Facing the most difficult political environment since they took control of Congress in 1994, Republicans begin the final two months of the midterm campaign in growing danger of losing the House while fighting to preserve at best a slim majority in the Senate, according to strategists and officials in both parties.With reference to the incumbency factor, I have been bullish most of this year on the GOP's chances of retaining control of Congress, as indicated, for example, in this post on the structural factors the Repubican Party enjoys in U.S. politics. Things are, however, starting to look at lot better for the Democrats, as the article mentions above (Iraq, burnout with Congress, gas prices and economic insecurity). As always, of course, the results in the House will depend on local conditions, as voters tend to retain their local Members of Congress, while hoping to "throw the bums out" in Washington.
Over the summer, the political battlefield has expanded well beyond the roughly 20 GOP House seats originally thought to be vulnerable. Now some Republicans concede there may be almost twice as many districts from which Democrats could wrest the 15 additional seats they need to take control.
President Bush's low approval ratings, the sharp divisions over the war in Iraq, dissatisfaction with Congress, and economic anxiety caused by high gasoline prices and stagnant wages have alienated independent voters, energized the Democratic base and thrown once-safe Republican incumbents on the defensive.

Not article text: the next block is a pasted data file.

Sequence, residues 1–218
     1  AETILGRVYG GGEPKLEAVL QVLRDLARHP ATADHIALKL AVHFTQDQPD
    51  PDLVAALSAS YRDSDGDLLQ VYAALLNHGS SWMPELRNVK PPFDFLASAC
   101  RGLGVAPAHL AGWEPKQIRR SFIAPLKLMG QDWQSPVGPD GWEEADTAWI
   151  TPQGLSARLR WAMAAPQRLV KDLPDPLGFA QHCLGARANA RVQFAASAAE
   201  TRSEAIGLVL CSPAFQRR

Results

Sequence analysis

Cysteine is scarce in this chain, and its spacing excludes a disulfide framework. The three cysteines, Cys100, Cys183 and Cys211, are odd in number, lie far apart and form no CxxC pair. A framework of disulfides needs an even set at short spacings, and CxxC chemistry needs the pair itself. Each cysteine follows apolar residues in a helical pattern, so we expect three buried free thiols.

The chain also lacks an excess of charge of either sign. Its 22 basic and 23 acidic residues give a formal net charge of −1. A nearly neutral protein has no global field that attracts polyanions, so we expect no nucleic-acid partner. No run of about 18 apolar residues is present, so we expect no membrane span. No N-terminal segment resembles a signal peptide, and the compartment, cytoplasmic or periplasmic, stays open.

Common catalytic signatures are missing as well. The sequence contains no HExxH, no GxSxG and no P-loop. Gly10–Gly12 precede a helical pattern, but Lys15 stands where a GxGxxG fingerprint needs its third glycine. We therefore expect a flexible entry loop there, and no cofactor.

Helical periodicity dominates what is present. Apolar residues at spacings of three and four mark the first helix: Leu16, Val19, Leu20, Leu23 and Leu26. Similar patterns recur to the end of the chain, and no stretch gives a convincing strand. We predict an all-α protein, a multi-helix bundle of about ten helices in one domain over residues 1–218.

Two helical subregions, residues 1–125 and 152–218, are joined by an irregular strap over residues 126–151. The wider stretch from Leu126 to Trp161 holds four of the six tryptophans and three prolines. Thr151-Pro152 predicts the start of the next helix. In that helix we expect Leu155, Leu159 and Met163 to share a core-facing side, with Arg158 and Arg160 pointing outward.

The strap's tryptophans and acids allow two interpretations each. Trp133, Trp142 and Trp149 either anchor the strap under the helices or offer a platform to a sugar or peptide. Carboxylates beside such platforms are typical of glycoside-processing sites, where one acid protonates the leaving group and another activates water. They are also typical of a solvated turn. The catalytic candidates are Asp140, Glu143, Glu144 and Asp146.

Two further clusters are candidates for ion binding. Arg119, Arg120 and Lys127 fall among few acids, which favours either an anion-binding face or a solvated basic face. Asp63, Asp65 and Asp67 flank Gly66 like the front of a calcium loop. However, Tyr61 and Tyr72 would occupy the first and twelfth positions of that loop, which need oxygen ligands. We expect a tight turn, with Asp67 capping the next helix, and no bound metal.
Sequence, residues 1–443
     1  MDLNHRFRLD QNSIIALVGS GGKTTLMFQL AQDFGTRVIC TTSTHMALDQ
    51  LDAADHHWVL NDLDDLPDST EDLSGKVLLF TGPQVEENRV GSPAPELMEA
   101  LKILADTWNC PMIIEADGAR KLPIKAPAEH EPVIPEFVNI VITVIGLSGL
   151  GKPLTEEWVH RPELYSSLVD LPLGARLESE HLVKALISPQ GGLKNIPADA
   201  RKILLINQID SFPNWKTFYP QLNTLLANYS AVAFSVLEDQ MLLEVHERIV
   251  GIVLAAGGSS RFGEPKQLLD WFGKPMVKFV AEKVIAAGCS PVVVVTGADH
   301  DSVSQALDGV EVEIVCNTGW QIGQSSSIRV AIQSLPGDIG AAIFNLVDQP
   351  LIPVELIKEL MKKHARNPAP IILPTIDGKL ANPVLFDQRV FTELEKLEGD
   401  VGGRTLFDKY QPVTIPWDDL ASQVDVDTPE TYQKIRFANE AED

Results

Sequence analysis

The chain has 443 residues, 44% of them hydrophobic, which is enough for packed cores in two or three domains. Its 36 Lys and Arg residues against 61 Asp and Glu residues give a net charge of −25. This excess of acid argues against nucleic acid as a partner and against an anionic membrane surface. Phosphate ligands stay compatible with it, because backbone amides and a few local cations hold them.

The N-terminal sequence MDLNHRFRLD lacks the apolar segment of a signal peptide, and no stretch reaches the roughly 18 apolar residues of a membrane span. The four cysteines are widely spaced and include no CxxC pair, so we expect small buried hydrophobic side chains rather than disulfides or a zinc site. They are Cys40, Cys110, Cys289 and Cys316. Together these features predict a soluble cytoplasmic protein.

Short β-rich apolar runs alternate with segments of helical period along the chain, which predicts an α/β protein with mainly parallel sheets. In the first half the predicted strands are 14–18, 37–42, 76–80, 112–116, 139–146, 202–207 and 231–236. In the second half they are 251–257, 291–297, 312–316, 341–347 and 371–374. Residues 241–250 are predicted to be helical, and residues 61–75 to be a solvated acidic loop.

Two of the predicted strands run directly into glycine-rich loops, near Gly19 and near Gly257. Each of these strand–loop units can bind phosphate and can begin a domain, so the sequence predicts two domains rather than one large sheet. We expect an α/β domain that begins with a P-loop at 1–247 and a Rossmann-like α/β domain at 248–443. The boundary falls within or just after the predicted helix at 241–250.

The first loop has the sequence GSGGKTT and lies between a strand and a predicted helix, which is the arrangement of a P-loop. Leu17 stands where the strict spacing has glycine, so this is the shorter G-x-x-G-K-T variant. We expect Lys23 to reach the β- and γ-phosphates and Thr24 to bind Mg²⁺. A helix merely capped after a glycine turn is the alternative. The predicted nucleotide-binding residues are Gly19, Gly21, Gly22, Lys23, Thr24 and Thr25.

As the campaign season begins, Democrats are trying to guard against premature celebration, even as their prospects are brighter than most ever imagined. Republicans are hoping for some outside event that would show the president and their party in a better light -- a spate of good news from Iraq, a foiled terrorist plot or an unlikely break in the deadlock over immigration on Capitol Hill.
Meanwhile, finger-pointing has begun as Republicans here and around the country blame the White House and the GOP congressional leadership for leaving Republican candidates in such a vulnerable position.
Despite these advantages, Democratic strategists say they see ways they could fall short of their goal of capturing one or both houses of Congress. They cite what they consider to be a superior Republican get-out-the-vote operation, a coming barrage of negative ads aimed at their challenger candidates, and a sizable cash-on-hand disparity between the Republican National Committee and the Democratic National Committee.
Even with the political winds at their backs, Democrats, to take control, must defeat a significant number of incumbents -- ordinarily one of the hardest tasks in politics -- and, in most cases, do so in districts that have voted consistently Republican in recent presidential races.
Check this article for an update on what's happening in San Diego's 50th congressional district, where Democrat Francine Busby's got a second chance to take the seat, if she can knock off Republican Brian Bilbray in November (recall that the 50th congressional vote was for both a special election to replace Randy Cunningham, as well as a party primary to elect the nominees for the November general election).